... This development is contrary to the more globally accepted approach of adopting circular hooks to mitigate the capture of bycatch (Watson et al., 2005;Ward and Hindmarsh, 2007;Pacheco et al., 2011). Circular hooks also increase the survival rates of bycatch species with little or no effect on target species capture (Gilman et al., 2016;Reinhardt et al., 2018). The circular hook has significantly lower shark catch rates compared to the J-shaped hook (Mejuto et al., 2008;Sales et al., 2010;Andraka et al., 2013). ...
Article
The decline in traditionally valuable fish stocks, coupled with an increased demand for shark fins and meat has caused many fishermen to target sharks. However, there is limited information on the fishing practices, gears, and catch distribution for the shark fisheries. This study used a semi-structured interview to characterize the shark fisheries and techniques used to catch sharks as well as the catch statistics and trade in fifteen coastal communities along the Eastern, Central, and Western coasts of Ghana. Out of the 470 fishers interviewed, 46% were specialized shark fishers while the remaining 54% landed sharks as bycatch. Specialized shark fishers captured between 7–10 individual sharks per fishing trip while by-catch shark fishers captured between 1–5 sharks. The shark species harvested include the blue shark, thresher shark, common and sand tiger, bull shark, short and longfin mako shark, hammerhead, and milk shark. Fishers along the eastern coast mostly capture sharks as bycatch, while those along the central and western coast of Ghana target sharks with specialized fishing gears. The catch data obtained from the fishers indicated higher shark landings and was linked to the development of longlines and drift gill nets with hooks attached to the footrope that target sharks, and are usually deployed along the western coastlines of Ghana. Nearly all the shark species captured in the study communities were listed by the IUCN as either “Endangered”, “Critically Endangered” or “Vulnerable”. Among fishers who target sharks, 74% stated that shark populations were declining and were spending more effort to capture the fish. Specialized shark fishers indicated a poor perception and attitude towards shark conservation along the entire coastline of the country and are not in support of shark conservation. It is recommended that the capture and trade in these species should be closely monitored to prevent the extinction of vulnerable populations.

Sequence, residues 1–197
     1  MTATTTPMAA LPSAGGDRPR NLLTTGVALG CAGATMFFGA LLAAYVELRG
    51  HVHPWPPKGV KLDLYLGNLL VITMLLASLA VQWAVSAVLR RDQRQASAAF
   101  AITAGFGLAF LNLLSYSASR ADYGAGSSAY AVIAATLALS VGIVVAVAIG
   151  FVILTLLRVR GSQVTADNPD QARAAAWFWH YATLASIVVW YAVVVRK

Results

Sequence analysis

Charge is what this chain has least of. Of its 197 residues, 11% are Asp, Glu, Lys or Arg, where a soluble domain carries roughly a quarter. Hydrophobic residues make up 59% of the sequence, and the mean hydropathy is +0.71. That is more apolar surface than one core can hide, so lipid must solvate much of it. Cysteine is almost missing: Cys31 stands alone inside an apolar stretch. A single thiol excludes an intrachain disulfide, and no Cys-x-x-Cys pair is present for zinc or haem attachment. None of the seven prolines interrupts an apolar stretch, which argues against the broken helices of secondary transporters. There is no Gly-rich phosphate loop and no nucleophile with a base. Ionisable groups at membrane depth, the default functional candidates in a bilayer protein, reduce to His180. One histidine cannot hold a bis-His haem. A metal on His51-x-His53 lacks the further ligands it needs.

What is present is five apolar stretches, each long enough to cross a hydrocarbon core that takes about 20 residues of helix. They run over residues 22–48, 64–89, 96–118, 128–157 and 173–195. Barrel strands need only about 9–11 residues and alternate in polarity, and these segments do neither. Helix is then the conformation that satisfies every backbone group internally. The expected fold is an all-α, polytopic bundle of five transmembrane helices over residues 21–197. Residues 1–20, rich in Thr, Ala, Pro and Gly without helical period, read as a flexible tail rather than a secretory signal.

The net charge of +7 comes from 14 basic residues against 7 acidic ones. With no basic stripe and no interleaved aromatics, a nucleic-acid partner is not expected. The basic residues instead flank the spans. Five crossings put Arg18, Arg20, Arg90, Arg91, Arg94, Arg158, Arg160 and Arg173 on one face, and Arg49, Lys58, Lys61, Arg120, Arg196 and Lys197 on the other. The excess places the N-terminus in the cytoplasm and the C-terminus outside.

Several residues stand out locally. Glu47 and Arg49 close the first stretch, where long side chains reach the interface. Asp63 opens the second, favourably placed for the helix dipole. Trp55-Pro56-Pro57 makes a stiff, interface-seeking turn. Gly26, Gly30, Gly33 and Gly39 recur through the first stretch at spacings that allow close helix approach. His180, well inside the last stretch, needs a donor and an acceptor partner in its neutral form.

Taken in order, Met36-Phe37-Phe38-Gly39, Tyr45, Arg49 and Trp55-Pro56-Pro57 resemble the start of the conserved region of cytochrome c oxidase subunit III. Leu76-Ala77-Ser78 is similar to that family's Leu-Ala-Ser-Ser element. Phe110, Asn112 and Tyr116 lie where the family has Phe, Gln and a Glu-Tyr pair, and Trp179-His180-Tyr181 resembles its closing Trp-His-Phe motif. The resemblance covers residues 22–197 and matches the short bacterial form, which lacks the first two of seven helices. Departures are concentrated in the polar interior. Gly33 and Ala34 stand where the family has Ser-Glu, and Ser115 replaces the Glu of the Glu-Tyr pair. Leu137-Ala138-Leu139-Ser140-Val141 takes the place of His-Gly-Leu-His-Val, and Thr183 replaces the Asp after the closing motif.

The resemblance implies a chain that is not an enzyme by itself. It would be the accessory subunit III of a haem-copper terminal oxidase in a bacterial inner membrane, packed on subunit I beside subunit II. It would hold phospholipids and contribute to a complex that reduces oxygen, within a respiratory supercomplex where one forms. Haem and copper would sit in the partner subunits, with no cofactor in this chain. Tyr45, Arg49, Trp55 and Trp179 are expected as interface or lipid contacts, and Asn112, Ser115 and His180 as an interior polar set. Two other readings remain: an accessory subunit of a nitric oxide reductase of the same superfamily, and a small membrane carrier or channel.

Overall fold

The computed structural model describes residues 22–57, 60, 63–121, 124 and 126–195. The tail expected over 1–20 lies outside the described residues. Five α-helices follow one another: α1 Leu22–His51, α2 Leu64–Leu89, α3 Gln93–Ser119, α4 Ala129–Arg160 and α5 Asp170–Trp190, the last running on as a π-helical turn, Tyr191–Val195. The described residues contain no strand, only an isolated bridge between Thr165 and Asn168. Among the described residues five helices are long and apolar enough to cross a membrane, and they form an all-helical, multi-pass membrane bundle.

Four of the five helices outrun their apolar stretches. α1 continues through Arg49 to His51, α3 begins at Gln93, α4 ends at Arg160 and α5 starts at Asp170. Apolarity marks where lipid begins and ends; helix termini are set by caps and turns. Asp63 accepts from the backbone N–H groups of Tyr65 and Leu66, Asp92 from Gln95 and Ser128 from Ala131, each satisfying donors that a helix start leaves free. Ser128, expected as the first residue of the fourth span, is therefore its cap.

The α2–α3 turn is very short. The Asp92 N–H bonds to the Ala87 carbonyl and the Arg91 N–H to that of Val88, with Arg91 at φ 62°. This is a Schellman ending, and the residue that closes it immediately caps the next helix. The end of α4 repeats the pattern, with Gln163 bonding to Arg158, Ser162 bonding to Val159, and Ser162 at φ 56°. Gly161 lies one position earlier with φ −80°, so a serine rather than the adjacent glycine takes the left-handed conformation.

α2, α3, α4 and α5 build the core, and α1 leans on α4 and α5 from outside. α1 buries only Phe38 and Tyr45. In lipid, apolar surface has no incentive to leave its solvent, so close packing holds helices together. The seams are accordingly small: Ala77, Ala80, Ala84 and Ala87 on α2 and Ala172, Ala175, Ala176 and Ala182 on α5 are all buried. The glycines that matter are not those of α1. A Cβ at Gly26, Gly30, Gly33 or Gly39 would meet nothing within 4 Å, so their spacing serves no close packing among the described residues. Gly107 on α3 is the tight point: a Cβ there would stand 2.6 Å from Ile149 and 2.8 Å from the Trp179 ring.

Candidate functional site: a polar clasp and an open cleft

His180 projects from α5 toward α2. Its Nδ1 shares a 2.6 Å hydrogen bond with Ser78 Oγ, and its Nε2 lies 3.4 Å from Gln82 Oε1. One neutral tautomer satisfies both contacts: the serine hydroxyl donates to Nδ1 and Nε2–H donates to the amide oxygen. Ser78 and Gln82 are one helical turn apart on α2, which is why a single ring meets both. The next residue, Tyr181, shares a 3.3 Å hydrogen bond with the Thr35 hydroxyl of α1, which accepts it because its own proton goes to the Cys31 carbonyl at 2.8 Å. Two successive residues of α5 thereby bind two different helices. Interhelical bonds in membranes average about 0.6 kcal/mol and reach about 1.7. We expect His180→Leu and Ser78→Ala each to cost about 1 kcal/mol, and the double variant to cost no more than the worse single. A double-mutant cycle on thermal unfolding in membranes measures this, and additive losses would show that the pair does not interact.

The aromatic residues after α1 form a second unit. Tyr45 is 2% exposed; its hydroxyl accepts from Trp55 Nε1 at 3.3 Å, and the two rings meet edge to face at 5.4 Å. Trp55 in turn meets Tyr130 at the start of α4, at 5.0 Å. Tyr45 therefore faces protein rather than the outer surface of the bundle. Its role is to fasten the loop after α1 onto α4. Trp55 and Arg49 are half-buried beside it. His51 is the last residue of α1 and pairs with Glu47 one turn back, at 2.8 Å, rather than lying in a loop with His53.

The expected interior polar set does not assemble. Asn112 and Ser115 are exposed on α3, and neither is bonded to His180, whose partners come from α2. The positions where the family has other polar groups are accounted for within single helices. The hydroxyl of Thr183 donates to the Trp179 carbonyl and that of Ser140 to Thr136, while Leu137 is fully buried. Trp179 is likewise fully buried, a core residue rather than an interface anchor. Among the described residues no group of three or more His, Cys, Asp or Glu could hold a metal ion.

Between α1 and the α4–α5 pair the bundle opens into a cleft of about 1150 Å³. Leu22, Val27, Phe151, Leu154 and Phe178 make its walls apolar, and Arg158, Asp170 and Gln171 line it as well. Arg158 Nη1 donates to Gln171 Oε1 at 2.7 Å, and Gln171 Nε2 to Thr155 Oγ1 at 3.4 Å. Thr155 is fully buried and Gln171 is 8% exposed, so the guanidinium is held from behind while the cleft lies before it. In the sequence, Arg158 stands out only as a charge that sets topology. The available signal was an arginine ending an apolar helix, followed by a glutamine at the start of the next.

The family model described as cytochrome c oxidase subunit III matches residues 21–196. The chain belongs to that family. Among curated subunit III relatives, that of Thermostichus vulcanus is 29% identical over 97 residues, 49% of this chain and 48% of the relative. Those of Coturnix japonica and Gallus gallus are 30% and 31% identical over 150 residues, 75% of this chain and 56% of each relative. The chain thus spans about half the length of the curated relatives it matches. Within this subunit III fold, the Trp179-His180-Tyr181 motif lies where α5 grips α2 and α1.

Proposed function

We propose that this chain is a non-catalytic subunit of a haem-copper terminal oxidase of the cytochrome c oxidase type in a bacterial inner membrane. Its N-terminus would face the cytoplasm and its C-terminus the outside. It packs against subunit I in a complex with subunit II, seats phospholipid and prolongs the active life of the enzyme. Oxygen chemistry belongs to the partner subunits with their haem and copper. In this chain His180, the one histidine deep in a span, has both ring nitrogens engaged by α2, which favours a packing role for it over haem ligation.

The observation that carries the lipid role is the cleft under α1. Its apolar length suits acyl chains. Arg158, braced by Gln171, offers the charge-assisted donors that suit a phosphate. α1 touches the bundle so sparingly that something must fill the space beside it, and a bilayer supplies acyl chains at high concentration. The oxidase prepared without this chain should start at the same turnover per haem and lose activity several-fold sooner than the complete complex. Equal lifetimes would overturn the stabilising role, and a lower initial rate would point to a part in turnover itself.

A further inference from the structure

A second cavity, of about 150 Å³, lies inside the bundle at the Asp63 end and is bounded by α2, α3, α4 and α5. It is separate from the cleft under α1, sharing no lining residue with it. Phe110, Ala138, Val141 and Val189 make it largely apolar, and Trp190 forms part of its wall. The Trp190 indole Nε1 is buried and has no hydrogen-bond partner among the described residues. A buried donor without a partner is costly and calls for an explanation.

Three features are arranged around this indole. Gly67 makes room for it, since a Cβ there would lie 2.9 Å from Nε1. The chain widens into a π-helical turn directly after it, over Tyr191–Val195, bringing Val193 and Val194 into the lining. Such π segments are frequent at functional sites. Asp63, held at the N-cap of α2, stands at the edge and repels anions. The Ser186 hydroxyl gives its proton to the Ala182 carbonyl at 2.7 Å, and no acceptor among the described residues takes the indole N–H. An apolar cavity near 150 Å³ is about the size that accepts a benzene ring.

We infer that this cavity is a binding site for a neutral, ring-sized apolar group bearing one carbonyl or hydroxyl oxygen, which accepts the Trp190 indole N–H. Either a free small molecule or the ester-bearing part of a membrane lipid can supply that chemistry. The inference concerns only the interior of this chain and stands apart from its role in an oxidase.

... Several studies have been carried out in which there is evidence of the benefits of using metaanalysis, such as Gilman, E. et al (2016), Musyl, M. and Gilman, E. (2019) and Gilman, E. et al (2020). However, given the multiple advantages of meta-analysis, it is worth highlighting the difficulty in gathering the data necessary to carry them out. ...
... Interest in using mitigation measures to reduce this bycatch (also referred to as incidental catch) is increasing. Some mul-tidisciplinary (Squires et al., 2021) and necessary (Guerra, 2019) actions have been highlighted as good practices, as suggested by Gilman (2011) including: circular instead of Jshaped hooks to avoid capturing sea turtles and marine mammals (Reinhardt et al., 2018), deep sets (> 100 m) for avoiding sea turtles and sharks (Gilman et al., 2006), "tori lines" (Mancini et al., 2009;Jiménez et al., 2014), and line weighting for deterring seabirds (Santos et al., 2019), among other methods as well (Gilman et al., 2016). These actions often encounter resistance from the fishing industry and fishers due to alleged operational difficulties and high costs (Solís et al., 2021). ...